Kathryn Rem: Environmental awareness among '08 food trends
Every time there’s a big, bad, scary food recall, it pushes our eating habits a little closer to home.
That’s why we’ll do more food buying this year from farmers markets, roadside stands, natural food stores, organic farms and specialty growers. Not only do we want to do what we can to make sure our food is safe, there’s a growing concern about how we treat the earth. Small growers tend to be better caretakers and close-to-home means less transport.
Americans’ concern about the environment is why toting around a plastic bottle of water now seems so 20th century. Deep in our hearts, we know that keeping plastic out of landfills is the right thing to do. It’s also a lot cheaper to put tap water in a refillable bottle.
For many reasons — ethical, healthful and financial — more people are eating vegetarian, at least some of the time. As baby boomers age and their doctors advise ditching the double cheeseburgers, this trend will continue. Vegetarian cookbooks are some of the best-sellers in the cookbook market, and innovators like Birds Eye Steamfresh frozen vegetables, conveniently microwaved in the package without adding water, have spawned imitators.
Food trends tend to begin in restaurants and migrate to the home. Expect to see products in stores that make it easy for consumers to make their own specialty coffee drinks at home (such as the flavored creamers from Coffee-mate that change with the seasons). Continuing on the beverage front, there will be more organic wines, specialty beers and flavored waters.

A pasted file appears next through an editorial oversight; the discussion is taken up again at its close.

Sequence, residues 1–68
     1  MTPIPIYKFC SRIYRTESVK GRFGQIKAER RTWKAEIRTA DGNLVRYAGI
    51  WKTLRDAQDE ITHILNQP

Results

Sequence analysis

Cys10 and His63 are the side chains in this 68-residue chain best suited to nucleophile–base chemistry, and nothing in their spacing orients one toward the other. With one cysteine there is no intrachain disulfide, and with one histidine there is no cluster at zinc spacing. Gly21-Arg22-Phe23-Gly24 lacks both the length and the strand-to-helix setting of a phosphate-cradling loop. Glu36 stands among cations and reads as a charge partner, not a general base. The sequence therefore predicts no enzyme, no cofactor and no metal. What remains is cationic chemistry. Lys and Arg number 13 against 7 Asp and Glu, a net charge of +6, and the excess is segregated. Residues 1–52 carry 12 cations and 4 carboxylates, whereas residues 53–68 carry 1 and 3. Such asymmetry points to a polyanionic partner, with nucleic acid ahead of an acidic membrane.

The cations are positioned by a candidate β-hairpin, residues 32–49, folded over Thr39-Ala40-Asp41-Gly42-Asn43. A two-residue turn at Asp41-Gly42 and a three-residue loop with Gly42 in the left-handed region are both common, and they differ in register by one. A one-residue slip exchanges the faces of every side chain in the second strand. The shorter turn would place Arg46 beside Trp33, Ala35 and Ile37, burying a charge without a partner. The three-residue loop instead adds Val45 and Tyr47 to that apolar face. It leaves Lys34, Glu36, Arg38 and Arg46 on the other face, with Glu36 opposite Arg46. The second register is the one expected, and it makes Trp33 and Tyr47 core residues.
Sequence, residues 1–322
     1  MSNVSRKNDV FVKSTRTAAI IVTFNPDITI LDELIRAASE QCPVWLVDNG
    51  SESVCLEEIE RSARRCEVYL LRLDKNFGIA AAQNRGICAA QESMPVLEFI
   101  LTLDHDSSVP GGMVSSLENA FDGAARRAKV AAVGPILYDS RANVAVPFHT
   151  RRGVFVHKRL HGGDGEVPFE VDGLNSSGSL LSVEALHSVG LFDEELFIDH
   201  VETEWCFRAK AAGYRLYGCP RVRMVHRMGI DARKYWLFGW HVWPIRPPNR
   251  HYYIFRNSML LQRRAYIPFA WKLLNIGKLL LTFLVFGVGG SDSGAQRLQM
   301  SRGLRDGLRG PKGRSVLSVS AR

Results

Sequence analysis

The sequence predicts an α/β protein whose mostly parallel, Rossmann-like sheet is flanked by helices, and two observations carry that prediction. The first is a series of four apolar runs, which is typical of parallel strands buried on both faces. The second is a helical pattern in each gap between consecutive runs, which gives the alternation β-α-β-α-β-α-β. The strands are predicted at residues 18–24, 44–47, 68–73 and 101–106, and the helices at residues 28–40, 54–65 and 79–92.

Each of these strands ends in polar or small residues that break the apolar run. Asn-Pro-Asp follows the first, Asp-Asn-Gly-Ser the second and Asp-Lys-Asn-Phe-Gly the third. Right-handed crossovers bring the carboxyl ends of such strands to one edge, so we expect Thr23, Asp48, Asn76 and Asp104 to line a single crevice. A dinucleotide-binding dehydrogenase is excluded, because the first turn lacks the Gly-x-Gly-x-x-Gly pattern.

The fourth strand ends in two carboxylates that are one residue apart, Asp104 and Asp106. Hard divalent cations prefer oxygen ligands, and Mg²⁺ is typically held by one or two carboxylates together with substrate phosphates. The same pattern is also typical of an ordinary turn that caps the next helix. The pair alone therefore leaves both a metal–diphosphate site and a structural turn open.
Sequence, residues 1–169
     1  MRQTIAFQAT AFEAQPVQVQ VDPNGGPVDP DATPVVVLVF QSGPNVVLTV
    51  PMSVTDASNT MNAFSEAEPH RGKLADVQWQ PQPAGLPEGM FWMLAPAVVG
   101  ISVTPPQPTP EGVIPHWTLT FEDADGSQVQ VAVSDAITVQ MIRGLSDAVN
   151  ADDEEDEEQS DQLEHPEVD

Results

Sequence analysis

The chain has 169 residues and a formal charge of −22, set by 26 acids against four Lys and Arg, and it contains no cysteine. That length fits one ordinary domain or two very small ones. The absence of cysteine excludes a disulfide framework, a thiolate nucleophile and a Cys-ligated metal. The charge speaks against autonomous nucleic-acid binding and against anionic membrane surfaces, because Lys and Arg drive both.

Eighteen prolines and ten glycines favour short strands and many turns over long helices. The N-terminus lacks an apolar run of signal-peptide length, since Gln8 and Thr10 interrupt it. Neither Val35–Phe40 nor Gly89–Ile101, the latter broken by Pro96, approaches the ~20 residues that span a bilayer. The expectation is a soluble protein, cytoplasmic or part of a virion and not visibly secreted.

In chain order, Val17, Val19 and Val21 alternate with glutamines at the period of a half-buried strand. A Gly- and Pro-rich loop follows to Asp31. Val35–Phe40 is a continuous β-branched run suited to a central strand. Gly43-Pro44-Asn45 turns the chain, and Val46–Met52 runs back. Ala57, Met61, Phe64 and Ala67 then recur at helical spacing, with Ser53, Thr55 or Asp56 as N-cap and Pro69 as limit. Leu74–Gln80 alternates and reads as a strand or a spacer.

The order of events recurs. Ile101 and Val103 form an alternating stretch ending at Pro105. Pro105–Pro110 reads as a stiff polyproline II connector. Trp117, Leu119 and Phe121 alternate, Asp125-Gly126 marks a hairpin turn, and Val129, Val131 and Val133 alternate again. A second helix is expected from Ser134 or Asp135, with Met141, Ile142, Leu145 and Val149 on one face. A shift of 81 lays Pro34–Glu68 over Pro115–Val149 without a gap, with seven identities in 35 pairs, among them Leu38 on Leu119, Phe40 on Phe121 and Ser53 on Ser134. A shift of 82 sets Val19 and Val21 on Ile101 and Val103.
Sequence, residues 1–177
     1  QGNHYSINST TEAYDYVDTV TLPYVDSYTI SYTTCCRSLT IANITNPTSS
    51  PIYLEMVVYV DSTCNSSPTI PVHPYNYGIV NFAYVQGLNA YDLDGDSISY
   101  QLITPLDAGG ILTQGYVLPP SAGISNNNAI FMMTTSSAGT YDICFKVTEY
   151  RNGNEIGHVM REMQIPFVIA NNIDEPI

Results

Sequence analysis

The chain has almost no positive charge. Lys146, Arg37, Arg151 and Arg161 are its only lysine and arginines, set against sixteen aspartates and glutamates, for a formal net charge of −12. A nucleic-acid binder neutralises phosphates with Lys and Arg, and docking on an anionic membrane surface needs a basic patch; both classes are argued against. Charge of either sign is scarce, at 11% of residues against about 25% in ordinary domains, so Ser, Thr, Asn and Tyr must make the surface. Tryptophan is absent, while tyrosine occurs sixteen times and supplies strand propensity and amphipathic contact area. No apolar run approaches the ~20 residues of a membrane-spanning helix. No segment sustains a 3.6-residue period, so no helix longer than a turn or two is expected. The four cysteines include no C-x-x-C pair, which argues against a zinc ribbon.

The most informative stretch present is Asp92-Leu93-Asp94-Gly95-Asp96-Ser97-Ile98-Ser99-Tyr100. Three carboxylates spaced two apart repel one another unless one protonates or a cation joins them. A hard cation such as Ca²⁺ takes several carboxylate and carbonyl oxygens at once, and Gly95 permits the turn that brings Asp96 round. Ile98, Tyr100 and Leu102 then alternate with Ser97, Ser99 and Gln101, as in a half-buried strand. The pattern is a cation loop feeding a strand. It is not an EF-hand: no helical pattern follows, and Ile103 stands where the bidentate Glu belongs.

Pomegranates, blueberries, acai and other “superfruits” have antioxidants, health benefits and a growing market. Probiotics — potentially beneficial bacteria — helped Dannon sell more than $150 million of Activia yogurt in its first year. Look for probiotics in cheese (such as Kraft LiveActive) and chocolate (from Barry Callebaut).
Bold flavors continue to be popular, whether it’s the spice in salsa and chili or the pungency in cheese and candy. Look for more gelato, frozen yogurt, smoked flavors, cupcakes, braised dishes, cheeses, bacon, fancy greens and anything that makes home cooking more convenient.
Snack foods in 100-calorie packs have grown into a $200 million-a-year business. It started with crackers and cookies, then drew in cupcakes, chips and granola bars. This year, there will be more candy. Controlled portions of Twizzlers licorice, Hershey’s chocolate bars, Brach’s chocolate stars and York peppermint patties are in or on their way to stores. The latest entrees in the 100-calorie family are packs of Oreo and Chips Ahoy! candy bites.
If you’re planning a vacation, culinary tourism — when travelers make food a deciding factor in their destination choices — is on the rise. So are cooking classes on cruises and land tours.
It may take too long, but eventually the trends that start on the right and left coasts make their way to the heart of the country. Some of them might even show up this year.
Food editor Kathryn Rem can be reached at 788-1520 or email@example.com.